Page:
State Track - Saturday

Jackson’s Anna Gibson races out to a big lead in the Class 4A girls 1600-meter run May 20 at the Wyoming State High School Track and Field Championships at Kelly Walsh High School in Casper. Gibson set a new state record in the event.

Alan Rogers, Star-Tribune

In the final race of her final high school track meet, Anna Gibson brought the sunbaked crowd at Kelly Walsh’s Harry Geldien Stadium to its feet.

Perhaps realizing they were watching the Jackson senior for the last time, although others likely knew Gibson was running down a state record that had stood for 16 years, the fans at the Wyoming State High School Track and Field Championships rose in unison.

Gibson, who has learned to block out distractions when she competes, admitted to hearing the crowd as she chased the all-class record in the 1600-meter run.

“Absolutely,” she said. “I heard so many people. And our girls soccer team had just got off the bus (from the state tournament in Sheridan) and they were standing around the fence. There were a lot of people screaming.”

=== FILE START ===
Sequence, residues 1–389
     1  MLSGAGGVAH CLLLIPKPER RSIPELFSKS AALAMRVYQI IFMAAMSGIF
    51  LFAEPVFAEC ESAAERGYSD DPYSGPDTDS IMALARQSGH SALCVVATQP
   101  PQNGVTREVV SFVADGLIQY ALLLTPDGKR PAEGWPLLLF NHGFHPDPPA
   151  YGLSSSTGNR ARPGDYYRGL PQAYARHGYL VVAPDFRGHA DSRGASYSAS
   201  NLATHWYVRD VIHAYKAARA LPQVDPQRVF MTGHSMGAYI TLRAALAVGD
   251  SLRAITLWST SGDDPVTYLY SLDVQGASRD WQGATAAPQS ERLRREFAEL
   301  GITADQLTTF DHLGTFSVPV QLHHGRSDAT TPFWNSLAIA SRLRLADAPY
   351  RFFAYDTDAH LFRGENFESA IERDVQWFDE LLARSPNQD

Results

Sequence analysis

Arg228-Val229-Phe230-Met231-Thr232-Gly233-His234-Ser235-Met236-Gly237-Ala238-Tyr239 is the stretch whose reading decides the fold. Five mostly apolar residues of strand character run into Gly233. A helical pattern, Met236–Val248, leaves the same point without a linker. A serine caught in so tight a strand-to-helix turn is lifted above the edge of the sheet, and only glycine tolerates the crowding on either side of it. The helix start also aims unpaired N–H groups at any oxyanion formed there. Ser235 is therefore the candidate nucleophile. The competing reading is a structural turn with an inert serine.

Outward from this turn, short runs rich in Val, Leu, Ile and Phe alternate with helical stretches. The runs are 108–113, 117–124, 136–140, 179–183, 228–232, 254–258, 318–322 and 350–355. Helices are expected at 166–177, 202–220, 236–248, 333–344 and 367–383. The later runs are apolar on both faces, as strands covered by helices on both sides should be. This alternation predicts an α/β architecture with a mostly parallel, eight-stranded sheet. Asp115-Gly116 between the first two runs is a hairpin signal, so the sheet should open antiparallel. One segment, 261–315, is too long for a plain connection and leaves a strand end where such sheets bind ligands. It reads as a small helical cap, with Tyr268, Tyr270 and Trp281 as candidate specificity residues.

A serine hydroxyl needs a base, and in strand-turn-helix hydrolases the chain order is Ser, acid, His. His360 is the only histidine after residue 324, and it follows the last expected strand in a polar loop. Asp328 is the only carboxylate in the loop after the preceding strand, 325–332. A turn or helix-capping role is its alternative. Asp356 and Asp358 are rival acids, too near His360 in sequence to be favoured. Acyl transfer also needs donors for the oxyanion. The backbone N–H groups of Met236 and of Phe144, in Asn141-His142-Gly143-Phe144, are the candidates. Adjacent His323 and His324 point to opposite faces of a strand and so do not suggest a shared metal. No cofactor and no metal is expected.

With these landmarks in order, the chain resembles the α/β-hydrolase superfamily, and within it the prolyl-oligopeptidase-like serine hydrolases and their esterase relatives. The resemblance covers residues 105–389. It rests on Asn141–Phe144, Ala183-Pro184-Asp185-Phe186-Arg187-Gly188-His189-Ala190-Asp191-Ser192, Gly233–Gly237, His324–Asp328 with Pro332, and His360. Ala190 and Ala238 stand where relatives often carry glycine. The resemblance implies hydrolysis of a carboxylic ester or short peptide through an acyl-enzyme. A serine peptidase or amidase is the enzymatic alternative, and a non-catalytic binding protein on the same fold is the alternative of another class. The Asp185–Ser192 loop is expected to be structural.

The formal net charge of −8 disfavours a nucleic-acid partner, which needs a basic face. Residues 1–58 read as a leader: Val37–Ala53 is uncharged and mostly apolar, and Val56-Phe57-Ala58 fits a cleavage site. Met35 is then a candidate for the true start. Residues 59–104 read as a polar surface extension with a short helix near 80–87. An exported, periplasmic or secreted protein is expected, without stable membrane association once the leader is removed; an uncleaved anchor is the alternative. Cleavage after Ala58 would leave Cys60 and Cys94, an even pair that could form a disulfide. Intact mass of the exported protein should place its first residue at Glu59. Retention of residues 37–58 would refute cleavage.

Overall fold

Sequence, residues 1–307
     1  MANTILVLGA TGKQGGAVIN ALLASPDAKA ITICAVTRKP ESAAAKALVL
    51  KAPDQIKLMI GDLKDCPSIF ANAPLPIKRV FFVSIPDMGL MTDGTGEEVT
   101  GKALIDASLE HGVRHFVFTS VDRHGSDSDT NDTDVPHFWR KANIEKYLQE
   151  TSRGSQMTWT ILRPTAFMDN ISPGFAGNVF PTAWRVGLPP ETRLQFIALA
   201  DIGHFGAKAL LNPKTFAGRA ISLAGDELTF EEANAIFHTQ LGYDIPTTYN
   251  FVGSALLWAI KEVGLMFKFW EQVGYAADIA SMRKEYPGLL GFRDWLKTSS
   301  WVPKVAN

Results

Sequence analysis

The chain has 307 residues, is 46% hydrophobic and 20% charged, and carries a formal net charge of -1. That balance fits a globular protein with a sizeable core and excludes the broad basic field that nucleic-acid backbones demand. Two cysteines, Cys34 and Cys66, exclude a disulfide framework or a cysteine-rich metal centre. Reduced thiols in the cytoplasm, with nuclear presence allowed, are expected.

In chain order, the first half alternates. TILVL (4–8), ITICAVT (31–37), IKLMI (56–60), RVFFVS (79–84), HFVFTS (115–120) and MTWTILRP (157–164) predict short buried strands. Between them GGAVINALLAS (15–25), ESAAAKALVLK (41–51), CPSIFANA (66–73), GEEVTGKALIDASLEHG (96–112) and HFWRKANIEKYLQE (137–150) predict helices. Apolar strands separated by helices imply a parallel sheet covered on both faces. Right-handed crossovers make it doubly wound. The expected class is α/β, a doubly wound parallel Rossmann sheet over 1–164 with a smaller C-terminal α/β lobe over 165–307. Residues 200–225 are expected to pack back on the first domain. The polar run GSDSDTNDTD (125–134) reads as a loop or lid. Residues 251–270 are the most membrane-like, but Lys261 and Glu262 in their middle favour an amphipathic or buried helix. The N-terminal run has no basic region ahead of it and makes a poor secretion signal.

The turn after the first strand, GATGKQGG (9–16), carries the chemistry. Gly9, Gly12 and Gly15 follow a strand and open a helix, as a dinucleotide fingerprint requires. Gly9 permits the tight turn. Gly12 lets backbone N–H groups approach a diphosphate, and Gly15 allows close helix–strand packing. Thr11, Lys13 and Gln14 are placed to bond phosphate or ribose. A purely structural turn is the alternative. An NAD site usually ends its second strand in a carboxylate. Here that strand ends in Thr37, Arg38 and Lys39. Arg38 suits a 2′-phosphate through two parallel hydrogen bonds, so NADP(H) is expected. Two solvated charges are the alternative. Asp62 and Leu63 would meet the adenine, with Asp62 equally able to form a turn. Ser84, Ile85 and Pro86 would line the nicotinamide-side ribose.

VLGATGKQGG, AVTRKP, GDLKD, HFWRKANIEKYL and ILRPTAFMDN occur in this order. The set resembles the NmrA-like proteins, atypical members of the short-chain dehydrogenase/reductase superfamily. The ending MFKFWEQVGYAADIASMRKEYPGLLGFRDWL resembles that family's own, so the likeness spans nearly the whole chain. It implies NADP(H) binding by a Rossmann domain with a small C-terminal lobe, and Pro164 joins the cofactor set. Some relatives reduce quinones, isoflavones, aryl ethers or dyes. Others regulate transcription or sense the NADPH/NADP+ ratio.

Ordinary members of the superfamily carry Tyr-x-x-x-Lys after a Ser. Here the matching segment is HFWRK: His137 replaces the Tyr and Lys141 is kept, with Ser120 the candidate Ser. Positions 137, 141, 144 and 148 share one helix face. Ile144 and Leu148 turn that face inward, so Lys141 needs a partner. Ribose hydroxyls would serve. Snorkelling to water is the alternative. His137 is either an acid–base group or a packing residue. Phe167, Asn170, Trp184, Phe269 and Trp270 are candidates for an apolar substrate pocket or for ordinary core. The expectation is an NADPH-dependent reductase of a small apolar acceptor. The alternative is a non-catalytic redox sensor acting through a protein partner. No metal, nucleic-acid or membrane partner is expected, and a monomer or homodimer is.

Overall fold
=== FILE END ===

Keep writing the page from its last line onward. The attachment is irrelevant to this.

For good reason.

Gibson, who had been one of the weekend’s distance standouts, crossed the finish line with a time of 4 minutes, 48.14 seconds. That meant Alicia Craig, who set the mark of 4:52.12 at Gillette back in 2001, was now No. 2 on the all-time list.

“I was in the race by myself and I knew I was going to have to make it happen,” said Gibson, who will run cross-country and track at Brown University in the fall. “I ran with my watch, which I never do, and I was hitting my splits for the 100, 200, 400, 800.

“I just needed my last 400 to be really fast.”

It was, giving Gibson her third individual victory of the meet and fourth overall for the weekend. She also won the 800 and 3200 and anchored the Broncs’ 4x800 championship relay team.

The 1600, however, had been the focus of Gibson’s attention.

“This was the one I really had my heart set on,” she said. “I’m glad I could make it happen.”